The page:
I do. I totally still do.

For our first anniversary, we got each other tickets to the playoffs and ate year-old cake. (Dodgers vs. Cubbies…*sigh* the good ‘ol days.)

For our second anniversary, I was nine months pregnant, and we ordered dinner from a local italian restaurant and uh…tried to induce labor, if you know what I mean. (obviously you do.  you’re not 12.)   Nine days later, we got each other a baby.

But this year, I’m kind of at a loss.   What do I get a man to commemorate a year which forced him to live up to every. single. word. he said to me on the beach that day?   How do you thank a man who fought off his own darkness with one arm while he carried you through your all-encompassing, no-room-for-his-darkness, dark place with the other?   What do you say to a husband with whom you’ve weathered a storm the likes of which neither of you ever imagined facing just three short years ago, when you ran into the ocean in your wedding gown, drunk with happiness, all the promises of giddy teenage kisses finally coming true.    How do you bottle up all of the admiration and gratitude for him you’ve been failing miserably to express all year long and put it into words?

You can’t.   Because there are no words in the English language big enough to encompass it.

But there are a few in the Hebrew language that sum it up nicely.  (OMFG, I am about to get a little bit religious on you guys.  This is so unexpected of me.  But it’s happening…)

Ani L’Dodi, v’Dodi Li

{I tried to post the Hebrew here but the Internet wasn’t having it.}*

Chances are you’ve heard these words before.   I am my beloved’s and my beloved is mine.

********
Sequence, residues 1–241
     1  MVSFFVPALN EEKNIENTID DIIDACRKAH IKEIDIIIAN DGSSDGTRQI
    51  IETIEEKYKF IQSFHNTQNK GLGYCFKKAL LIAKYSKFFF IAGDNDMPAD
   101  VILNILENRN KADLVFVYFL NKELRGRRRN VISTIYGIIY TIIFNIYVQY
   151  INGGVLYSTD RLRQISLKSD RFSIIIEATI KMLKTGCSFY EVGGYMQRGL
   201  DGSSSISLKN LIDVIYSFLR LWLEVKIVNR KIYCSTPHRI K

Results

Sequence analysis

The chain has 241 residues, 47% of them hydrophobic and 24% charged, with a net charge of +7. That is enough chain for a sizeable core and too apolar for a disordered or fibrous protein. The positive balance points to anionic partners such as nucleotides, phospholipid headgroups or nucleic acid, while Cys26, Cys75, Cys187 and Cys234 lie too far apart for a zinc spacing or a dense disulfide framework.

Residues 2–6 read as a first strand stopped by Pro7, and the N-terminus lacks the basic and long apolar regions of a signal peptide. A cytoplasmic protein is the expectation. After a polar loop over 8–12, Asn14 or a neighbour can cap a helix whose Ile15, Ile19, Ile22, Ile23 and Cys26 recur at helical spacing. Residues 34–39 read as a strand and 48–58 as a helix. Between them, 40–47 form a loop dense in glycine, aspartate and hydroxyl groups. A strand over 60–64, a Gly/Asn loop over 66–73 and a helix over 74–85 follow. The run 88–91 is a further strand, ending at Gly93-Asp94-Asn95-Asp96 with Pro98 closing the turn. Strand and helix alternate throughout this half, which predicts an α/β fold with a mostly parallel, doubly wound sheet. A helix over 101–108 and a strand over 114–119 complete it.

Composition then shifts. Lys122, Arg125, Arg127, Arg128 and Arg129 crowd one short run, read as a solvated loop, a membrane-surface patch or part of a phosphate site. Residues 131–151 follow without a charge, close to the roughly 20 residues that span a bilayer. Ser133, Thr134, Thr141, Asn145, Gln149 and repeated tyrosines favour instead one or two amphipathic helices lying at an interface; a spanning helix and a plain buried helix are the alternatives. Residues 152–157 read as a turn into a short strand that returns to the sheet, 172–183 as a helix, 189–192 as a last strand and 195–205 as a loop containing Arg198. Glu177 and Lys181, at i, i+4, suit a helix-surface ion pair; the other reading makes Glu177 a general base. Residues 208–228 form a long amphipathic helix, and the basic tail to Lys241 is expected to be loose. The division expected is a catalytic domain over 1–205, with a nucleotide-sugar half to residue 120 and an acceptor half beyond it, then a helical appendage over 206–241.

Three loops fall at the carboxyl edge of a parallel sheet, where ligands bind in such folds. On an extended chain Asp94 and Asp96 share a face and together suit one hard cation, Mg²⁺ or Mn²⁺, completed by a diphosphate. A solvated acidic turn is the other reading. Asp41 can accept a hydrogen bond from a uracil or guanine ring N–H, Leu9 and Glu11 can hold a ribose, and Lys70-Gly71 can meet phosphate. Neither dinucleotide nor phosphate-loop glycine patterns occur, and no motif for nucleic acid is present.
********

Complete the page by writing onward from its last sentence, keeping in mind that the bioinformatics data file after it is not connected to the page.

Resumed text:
This year challenged the meaning of that phrase.   Because up until this year, it seemed our union had been charmed.   We’d shared happiness.   We’d shared joy.   We’d shared success.   But this year, we shared so much more than that.  And when I stopped being able to hold up my end of ANY bargain, he didn’t complain.   He was tired and sore and road weary and all of those things too, but he just kept on.    Kept on keeping the house together.   Kept on keeping all of us fed.   Kept on stepping up time after time to take Delilah so I could melt-down for a minute or two…never asking for a minute or two to lose control in return.   He carried me.   He kept us from collapsing in on ourselves.  Because I am his beloved.   And he is mine.

When we said those words under the chuppah on our wedding day, when I listened to my catholic husband muddle through the Hebrew with a crooked grin because he knew it was important to me,  I had no concept of how much meaning they’d come to hold.   

This year I realized that the sixteen year old boy I fell in love with all those years ago has somehow, before my very eyes, transformed into a man.   Scott and I have spent the last twelve years growing up together, and this year forced us to do the most growing yet.  And now he’s added Father to the list of things he’s freaking amazing at, and even though I truly thought I couldn’t possibly have loved him any more than the day we said I do?  I DO. Every day.

Scott and I circa 1999 in a project by Sara, and Scott last week, ruling at fatherhood.

To see a slideshow from our wedding day, click HERE.

And also, I came across this picture while looking for the one above, and it made me laugh because I’m pretty sure this is us trying to look sexy and romantic, so here you go:

*(If you’re trying to place it, Victoria Beckham [unfortunately] has the Hebrew tattooed on her scrawny neck…)

Also, because I’m a sap, I’ve added the video we made, which was shot by our guests on Super 8 cameras we handed out (thanks guests!) and also by Sean who is awesome.

Oh, and go visit our genius wedding photographer Leigh Miller who is still putting up with me three years later.

Feed Me Seymour